It sounds like the auto shop is a pretty toxic place to work.

Flaten said he quit the job because of broken promises over when he could leave each day to pick up his child from day care. He gave notice that he planned to quit late last year, but left earlier after further disagreements at the job. When he did not receive his final paycheck, he filed a claim with the U.S. Department of Labor, which reached out to the repair shop three times.

Miles Walker, the owner of the repair shop told CBS46, an Atlanta TV station, “I don’t know if I did that or not, I don’t really remember. … It doesn’t matter. He got paid. That’s all that matters. He’s a f*****g weenie for even bringing it up.”

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Tate’s Cookies Threatened to Report Undocumented Workers to ICE If They Unionized

Culture

Tate’s Cookies Threatened to Report Undocumented Workers to ICE If They Unionized

Photo via chocolleto/Instagram

Fans of the crispy, buttery Tate’s cookies might be sad when they hear this news. According to current employees, the popular cookie business has been threatening employees who are trying to unionize.

According to multiple employees, Tate’s cookies threatened to contact ICE if workers vote to unionize next month.

According to Gothamist, most of Tate Bake Shop’s 432 employees are undocumented workers. But the National Labor Relations Act says that undocumented workers have a lawful right to unionize.

The powerhouse baked goods company Mondelēz International owns Tate’s cookies. Additionally, Mondelēz owns other popular brands like Oreo and Chips Ahoy. Local union leaders have called the company “anti-union on steroids”.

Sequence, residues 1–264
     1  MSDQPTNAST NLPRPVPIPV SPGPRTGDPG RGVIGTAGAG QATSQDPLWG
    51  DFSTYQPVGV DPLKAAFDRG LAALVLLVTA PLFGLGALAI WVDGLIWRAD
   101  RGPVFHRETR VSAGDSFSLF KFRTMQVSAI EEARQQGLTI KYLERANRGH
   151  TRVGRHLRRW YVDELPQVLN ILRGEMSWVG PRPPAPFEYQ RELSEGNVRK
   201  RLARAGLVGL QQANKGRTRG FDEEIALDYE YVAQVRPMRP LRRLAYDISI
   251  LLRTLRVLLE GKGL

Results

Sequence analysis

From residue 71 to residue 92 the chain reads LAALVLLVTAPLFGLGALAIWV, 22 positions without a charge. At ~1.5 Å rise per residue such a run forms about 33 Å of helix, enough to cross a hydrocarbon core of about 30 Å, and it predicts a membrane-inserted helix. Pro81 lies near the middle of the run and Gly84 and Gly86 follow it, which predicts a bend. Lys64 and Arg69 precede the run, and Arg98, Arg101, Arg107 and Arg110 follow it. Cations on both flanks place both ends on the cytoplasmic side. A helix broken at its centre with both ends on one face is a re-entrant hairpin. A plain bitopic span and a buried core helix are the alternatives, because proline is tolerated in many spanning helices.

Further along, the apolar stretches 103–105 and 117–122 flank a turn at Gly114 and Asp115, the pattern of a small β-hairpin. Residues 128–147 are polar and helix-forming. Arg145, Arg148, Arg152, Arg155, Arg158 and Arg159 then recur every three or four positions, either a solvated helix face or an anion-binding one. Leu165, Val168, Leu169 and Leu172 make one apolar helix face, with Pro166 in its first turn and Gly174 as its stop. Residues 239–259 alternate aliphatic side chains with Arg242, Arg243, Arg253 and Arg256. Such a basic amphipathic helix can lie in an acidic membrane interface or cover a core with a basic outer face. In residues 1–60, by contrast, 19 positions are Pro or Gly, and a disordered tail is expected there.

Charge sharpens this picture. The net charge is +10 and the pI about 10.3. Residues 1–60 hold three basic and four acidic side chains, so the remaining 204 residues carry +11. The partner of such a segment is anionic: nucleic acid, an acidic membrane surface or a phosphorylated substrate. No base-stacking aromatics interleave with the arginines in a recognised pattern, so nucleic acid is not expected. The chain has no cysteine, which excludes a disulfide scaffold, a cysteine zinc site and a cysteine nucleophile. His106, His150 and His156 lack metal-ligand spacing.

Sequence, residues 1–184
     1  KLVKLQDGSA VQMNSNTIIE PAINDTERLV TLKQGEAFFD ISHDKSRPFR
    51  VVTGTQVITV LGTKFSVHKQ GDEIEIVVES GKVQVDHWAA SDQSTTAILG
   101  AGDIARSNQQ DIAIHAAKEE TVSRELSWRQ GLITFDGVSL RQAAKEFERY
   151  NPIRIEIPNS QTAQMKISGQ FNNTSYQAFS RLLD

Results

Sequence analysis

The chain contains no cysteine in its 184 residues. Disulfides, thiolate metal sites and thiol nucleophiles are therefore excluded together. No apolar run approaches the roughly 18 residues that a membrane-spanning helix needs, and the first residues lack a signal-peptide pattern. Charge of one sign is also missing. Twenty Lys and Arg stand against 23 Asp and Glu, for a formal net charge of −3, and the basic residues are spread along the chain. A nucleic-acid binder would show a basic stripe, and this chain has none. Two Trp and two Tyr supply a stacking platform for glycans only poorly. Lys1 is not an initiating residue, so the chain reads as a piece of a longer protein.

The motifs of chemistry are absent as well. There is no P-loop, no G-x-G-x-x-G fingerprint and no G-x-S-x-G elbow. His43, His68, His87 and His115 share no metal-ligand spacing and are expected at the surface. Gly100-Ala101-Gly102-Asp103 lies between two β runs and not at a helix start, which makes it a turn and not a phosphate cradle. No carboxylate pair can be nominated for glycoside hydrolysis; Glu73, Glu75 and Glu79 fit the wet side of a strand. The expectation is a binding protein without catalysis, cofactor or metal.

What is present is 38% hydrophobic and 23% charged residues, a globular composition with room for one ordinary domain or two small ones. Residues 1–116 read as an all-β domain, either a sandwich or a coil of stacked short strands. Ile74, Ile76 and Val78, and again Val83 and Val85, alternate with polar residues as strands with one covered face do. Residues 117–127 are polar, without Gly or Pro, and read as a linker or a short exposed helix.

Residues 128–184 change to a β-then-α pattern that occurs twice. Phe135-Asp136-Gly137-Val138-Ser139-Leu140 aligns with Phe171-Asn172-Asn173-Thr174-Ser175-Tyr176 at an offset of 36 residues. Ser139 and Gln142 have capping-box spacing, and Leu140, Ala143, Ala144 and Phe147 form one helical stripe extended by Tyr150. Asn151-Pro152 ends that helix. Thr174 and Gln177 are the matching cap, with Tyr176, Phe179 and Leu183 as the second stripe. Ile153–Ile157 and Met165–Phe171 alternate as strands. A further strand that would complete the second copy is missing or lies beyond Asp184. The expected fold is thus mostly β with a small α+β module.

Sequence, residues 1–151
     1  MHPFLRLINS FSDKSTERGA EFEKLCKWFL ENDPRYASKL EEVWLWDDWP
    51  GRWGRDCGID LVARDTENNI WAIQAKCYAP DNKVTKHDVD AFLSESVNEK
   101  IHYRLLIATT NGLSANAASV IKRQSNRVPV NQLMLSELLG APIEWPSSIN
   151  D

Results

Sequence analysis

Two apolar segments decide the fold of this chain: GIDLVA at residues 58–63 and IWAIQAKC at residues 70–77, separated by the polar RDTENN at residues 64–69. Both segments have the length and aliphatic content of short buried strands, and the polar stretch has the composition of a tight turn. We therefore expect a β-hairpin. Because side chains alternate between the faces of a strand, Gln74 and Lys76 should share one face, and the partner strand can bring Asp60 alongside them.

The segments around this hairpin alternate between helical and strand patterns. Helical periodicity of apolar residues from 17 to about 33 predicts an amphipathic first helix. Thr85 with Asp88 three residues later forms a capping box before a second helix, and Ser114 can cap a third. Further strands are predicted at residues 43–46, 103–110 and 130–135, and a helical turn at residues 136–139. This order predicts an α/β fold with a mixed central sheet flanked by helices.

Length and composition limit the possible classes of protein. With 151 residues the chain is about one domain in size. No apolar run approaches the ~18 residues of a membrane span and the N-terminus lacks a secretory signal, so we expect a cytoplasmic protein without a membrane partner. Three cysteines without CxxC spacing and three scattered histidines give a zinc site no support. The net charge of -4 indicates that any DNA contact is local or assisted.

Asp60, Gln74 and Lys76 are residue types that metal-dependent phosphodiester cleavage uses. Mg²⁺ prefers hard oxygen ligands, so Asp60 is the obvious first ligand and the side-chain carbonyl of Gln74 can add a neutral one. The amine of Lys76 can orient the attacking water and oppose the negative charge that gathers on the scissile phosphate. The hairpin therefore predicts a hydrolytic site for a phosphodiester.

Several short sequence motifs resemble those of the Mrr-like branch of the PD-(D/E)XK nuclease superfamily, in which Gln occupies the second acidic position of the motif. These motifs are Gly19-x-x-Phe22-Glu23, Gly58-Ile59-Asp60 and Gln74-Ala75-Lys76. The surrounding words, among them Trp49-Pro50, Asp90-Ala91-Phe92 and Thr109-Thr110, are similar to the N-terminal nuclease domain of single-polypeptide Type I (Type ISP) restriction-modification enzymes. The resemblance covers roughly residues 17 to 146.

Once Tate’s cookies heard rumblings of their workers unionizing, however, they hired an anti-labor consultant. The consultant, Carlos Flores, brags on LinkedIn about keeping businesses “labor free”.

“They began threatening people based on their immigration status, telling them that if their documents are not in order and they attempted to join the labor union they would get deported,” said Eastern States’ Union president, Cosmo Lubrano.

The consultant allegedly told workers that he would review their documentation to see if “everything was in order”. If it wasn’t, he said ICE might “send them back”.

“Just because a worker wants to organize, wants to have representation doesn’t mean a company should make their life miserable,” said Julio, an undocumented worker, to The New York Times.

Tate’s cookies employees only began to discuss the possibility of unionizing when the pandemic hit. Workers felt that the cookie company might not protect them should they fall ill.

“We were in the heart of the pandemic at that time and they didn’t know any of the rules that applied to them,” said Anthony Miranti, an Eastern States’ union delegate.

“Will they get paid if they have to self-quarantine? How do they get safety equipment? They were telling us about how they’re all at minimum wage and needed more paid time off and there was just nobody to listen to their problems.”

Officially, Mondelēz denies all claims or threatening workers. They released a statement saying: “Any allegation that the company has violated any aspect of the National Labor Relations Act is untrue. Tate’s prides itself on treating all its employees with respect, and we have fostered over many years an inclusive, supportive, caring work environment and culture with our employees.”

Despite the threats to their livelihood, many workers still believe unionizing will ultimately be beneficial.

“I’ve spoken to a lot of people who work in union shops. They say things are better,” said an undocumented worker by the name of Catalina to the New York Times. “Why not give this an opportunity?”

As Miranti says, “I think the workers that produce these products should be able to put their heads down on their pillows at night and know their job is secured, that their family has the best coverage out there, that they’ll have a pension to retire on someday.”